dkottum
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Location: Battle Lake, MN

Maloney House

Post by dkottum »

This is not the crappy mansard roof we hated in the 60's. Overall, nice proportion and scale throughout. Stunning wood and stone interior, with very interesting spaces. On the lake. What more could you want? Wish we could see a floor plan.

Doug Kottom, Battle Lake, MN

Roderick Grant
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Joined: Wed Mar 29, 2006 7:48 am

Post by Roderick Grant »

Now that's better! These photos really tell a lot about this beautiful house. I cabinet doors which seems to have incorporated a couple of panes from FLW's Lake Geneva Hotel. They fit right in. But I still hate the risers.

SDR
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Post by SDR »

No, it's not a Mansard at all, as it is canted out rather than in. Quite dramatic. I question only the continuation of Exterior Texture 3#, the shakes, on the edge of some adjacent slab roofs. Warm but disciplined stone, broad lapped board, and shake shingles. . . very nice! Of course it is beautiful inside, too -- if a tad richly furnished for my taste. (I hope that large framed art will not leave pale rectangles on the wooden walls. . .! But it can be corrected.)

Thanks for the slide show ! SDR

Eric Saed
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Location: Minne-sO-tah Norwegian living in exile in Lubbock, Texas

Post by Eric Saed »

Nice shots, Paul.

Herb Fritz often adopted that shingle siding for his designs. It's not something I'd choose for my own home, but I like the rustic look.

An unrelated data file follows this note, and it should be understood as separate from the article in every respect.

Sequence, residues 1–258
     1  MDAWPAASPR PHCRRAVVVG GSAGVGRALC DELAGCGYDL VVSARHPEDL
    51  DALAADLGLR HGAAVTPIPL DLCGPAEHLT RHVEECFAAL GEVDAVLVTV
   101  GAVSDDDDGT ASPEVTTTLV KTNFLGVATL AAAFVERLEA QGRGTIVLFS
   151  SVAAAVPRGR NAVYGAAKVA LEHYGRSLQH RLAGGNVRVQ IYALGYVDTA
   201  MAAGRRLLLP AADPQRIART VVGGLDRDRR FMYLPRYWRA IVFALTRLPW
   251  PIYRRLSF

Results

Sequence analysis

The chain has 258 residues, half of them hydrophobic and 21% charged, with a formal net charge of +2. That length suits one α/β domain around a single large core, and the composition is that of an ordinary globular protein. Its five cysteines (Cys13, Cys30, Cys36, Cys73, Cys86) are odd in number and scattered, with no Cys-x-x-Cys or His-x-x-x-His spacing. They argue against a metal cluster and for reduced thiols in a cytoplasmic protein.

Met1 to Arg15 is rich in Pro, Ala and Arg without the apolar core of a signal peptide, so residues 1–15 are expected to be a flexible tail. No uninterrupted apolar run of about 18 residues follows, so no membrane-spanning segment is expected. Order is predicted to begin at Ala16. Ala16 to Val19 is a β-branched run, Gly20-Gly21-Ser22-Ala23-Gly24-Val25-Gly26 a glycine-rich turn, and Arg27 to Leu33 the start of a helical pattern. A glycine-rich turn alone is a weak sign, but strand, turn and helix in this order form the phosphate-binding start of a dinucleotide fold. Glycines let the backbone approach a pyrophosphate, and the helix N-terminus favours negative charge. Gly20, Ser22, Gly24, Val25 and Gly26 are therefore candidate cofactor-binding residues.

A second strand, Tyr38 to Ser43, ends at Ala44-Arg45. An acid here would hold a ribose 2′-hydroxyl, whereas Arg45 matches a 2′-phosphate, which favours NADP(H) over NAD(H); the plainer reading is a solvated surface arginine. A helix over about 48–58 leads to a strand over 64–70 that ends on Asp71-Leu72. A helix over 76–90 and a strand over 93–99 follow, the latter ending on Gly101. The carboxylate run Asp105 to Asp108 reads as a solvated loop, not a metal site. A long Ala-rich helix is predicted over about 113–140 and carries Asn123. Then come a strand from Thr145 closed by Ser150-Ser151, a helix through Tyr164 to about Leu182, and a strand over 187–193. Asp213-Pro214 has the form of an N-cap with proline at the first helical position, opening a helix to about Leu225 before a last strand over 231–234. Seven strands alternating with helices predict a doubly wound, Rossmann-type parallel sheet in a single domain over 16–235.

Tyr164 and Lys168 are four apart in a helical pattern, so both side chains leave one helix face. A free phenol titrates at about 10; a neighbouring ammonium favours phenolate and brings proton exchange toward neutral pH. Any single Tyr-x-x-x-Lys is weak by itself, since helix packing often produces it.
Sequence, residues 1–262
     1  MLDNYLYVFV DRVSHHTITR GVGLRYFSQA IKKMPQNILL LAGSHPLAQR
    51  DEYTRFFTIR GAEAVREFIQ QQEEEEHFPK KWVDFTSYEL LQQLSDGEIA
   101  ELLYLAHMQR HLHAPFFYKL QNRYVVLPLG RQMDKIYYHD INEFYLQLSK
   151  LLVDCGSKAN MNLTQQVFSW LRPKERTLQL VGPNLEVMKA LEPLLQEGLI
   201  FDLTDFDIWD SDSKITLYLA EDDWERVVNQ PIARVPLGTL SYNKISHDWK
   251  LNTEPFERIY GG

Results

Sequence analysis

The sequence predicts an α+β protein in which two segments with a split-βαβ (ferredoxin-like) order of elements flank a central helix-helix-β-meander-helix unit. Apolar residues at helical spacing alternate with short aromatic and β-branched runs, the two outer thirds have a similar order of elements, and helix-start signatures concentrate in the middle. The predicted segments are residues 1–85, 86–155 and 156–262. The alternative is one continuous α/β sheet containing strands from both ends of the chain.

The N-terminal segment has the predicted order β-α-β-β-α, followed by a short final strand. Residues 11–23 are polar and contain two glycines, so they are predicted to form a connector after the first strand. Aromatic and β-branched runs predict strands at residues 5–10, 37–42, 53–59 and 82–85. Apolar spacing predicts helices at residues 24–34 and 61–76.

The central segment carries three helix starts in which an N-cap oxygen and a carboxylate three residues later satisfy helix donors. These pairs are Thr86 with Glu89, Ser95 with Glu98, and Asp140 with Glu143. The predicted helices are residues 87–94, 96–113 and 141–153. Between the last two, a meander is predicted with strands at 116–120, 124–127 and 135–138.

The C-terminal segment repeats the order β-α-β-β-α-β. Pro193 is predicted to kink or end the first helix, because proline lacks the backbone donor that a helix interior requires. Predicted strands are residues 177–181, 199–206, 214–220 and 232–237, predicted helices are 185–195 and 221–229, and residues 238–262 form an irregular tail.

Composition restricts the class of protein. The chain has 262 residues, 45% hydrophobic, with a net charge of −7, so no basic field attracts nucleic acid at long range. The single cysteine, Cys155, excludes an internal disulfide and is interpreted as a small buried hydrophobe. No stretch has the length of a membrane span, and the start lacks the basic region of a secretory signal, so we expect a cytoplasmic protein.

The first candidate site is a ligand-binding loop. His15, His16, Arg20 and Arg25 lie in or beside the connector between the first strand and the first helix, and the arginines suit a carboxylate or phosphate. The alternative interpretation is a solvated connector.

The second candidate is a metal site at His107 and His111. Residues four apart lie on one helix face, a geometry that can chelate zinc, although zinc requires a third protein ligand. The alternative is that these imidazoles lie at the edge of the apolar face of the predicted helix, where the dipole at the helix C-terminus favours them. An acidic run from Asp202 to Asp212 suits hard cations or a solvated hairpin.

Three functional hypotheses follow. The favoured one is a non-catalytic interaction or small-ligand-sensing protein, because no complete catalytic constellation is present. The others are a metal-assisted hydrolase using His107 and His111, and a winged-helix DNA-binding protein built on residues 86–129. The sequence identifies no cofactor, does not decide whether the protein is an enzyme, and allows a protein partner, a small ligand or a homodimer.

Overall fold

SDR
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Post by SDR »

Agreed, as its warmth accords with the romantic end of the Modern spectrum -- which is what we are drawn to, perhaps, as Wrightians ? It's great to see good work -- call it Organic if you will -- that is a cousin's to Wright's ?

SDR

Eric Saed
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Joined: Thu Jun 15, 2006 9:52 am
Location: Minne-sO-tah Norwegian living in exile in Lubbock, Texas

Post by Eric Saed »

SDR wrote:... warmth accords with the romantic end of the Modern spectrum -- which is what we are drawn to, perhaps, as Wrightians ?

SDR
BINGO! I once heard a description of a Jack Howe house- "it is so relaxing, it's like the house is giving you a hug"

You nailed it!

PNB
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Post by PNB »

Wow! I thought it was nice enough from the first pictures but the new pictures put it in a whole different class. Thanks for posting these!